“The (Democratic newcomers) thought they were on the right team here and thought because they were Democrats, they had the ability to stand up and say proudly that they’re the party for democracy, especially in light of Trump being president,” said longtime progressive activist Sue Altman, a Democratic candidate for the state’s 7th Congressional District. But that initial optimism was blunted when “they found out that at the local level or the city level or the county level or the state legislative level, that their own beloved Democrats were not practicing ‘little d’ democracy,” Altman said.

‘The line’ as ballast against the liberal grassroots

The complications facing would-be reformers in New Jersey were initially underscored by the state party’s lack of political turmoil. Though hardly a machine choice, wealthy former Goldman Sachs executive and Democratic National Committee finance chair Phil Murphy won the governor’s office in 2017.

Over the next few years, as political insurgents like Alexandria Ocasio-Cortez, across the river in New York, and Cori Bush in Missouri unseated longtime Democratic incumbents in races up and down the ballot, progressive groups largely bypassed New Jersey. The state’s expensive media market and the bureaucratic barriers facing outsider campaigns made it an unwise place to spend precious resources.

“It is extremely difficult to engage in any kind of competitive primaries in New Jersey because at the end of the day, the winners are likely going to be chosen by the establishment,” said Ezra Levin, the co-founder and co-executive director of Indivisible.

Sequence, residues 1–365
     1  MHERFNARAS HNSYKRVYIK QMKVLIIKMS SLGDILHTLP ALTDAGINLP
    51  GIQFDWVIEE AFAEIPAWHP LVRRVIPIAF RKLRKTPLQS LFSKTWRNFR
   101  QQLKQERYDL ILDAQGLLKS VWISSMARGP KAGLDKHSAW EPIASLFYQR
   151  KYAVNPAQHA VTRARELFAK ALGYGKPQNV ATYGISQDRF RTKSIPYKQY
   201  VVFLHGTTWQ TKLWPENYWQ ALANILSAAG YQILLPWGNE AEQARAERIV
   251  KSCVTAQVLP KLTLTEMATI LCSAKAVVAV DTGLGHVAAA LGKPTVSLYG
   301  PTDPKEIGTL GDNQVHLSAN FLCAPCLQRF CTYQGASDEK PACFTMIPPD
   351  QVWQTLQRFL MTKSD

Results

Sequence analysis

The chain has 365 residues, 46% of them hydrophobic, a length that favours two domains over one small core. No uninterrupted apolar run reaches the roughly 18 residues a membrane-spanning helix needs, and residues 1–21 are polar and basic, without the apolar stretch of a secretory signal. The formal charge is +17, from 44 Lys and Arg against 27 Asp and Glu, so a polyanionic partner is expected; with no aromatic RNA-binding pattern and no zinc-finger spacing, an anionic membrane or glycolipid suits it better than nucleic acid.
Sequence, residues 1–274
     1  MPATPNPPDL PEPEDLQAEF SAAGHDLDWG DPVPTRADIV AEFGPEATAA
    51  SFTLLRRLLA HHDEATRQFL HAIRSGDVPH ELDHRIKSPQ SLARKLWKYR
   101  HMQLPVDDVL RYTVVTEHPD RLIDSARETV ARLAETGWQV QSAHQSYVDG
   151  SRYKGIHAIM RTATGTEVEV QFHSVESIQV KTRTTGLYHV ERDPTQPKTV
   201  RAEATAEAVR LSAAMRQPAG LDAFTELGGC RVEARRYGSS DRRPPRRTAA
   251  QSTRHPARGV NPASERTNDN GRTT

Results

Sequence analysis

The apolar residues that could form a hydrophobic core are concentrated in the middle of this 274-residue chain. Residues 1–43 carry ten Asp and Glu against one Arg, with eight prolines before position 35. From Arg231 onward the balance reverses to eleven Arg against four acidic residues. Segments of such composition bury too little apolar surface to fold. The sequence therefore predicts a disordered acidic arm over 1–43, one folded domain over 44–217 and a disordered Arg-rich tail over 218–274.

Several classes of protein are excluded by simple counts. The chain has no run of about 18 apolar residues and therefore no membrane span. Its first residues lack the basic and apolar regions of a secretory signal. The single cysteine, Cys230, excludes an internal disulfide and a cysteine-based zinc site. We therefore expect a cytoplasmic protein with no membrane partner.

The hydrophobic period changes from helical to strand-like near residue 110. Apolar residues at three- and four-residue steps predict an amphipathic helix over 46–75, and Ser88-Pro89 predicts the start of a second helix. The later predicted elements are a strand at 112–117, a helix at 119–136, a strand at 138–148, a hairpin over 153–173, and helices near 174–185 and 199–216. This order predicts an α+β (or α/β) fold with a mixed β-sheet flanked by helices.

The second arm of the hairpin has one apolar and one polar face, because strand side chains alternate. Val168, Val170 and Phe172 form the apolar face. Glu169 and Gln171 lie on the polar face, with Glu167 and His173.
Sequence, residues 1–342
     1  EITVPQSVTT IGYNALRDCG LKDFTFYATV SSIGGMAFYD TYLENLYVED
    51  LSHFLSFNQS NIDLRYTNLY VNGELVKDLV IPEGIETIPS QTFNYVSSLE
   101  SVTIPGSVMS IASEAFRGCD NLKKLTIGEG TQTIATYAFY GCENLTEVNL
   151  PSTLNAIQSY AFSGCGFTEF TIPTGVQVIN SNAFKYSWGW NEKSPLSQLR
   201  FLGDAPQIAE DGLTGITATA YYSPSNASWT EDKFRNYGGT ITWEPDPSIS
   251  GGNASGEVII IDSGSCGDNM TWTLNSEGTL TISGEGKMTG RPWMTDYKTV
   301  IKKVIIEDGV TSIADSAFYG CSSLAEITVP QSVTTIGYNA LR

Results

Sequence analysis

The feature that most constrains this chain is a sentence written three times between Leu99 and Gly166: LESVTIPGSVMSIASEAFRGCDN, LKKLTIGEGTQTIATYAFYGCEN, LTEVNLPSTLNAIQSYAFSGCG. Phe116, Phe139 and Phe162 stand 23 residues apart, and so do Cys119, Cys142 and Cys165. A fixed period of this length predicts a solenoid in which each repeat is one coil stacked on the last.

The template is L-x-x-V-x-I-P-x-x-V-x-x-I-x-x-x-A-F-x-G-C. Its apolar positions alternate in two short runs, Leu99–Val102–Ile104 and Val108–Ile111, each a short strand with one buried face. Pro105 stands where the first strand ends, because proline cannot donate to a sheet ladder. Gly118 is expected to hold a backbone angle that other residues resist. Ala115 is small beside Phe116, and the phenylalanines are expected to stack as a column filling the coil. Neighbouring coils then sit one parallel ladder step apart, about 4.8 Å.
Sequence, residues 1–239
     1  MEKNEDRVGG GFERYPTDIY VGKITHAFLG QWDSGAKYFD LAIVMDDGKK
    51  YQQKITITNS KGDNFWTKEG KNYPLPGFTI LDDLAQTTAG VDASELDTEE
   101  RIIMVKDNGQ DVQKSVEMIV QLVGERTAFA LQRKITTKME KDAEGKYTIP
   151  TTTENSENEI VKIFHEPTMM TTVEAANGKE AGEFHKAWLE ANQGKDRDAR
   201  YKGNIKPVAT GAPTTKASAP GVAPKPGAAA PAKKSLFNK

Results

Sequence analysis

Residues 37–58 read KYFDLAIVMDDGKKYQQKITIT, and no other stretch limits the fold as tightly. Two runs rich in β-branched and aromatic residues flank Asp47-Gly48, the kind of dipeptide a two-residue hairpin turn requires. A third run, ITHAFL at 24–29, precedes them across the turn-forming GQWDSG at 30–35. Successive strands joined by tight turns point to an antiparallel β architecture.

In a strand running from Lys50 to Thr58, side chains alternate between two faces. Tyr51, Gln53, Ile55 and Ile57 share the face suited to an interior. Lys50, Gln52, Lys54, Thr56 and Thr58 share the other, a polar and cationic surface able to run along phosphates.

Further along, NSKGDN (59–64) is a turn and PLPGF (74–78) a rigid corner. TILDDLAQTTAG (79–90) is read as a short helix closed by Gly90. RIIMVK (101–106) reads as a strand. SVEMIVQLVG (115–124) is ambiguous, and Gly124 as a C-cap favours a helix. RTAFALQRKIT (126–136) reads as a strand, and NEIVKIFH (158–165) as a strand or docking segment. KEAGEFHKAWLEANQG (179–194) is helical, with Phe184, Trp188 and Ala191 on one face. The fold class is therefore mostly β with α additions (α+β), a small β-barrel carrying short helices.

Indivisible does not, like more confrontational groups including Justice Democrats, typically get involved in fraught primary fights. Their membership, Levin said, is engaged on multiple policy fronts, from health care to immigration, “but the very top issue that they care about is democracy itself – this feeling that it was under threat and this sense that the Democratic Party when Trump got elected was not equipped to take on that threat.”

Levin said that for Indivisible groups, the battle in New Jersey over “the line” has not been about a preference between Kim or Murphy, though the organization endorsed Kim.

“When I’m talking to our advocates, I will always say that the enemy isn’t MAGA, the enemy is cynicism and nihilism and fatalism,” Levin said. “Corrupt systems like the ‘county line’ in New Jersey (is) an enemy because that dissuades folks from actually getting involved. And if folks don’t get involved, then we’ll lose.”

As the Murphy-Kim race heated up, interest in ending – or, among party leaders, defending – “the line” has also increased in size and intensity. A 2021 lawsuit, brought by and supported by a coalition of progressive Democrats, including Altman and the New Jersey Working Families Alliance, has been wending its way through the court system for years.

Kim speaks to delegates during the Bergen County Democratic convention in Paramus, New Jersey, on March 4, 2024. - Seth Wenig/AP
Kim speaks to delegates during the Bergen County Democratic convention in Paramus, New Jersey, on March 4, 2024. - Seth Wenig/AP

But for Kim, there was no time to waste. He effectively took up the old litigation late last month, using the same lawyers, in a bid to redesign the ballots before the June 4 primary. His request of the court, simply put, is for a federal judge to order that New Jersey follow all other states and group together candidates for any given office.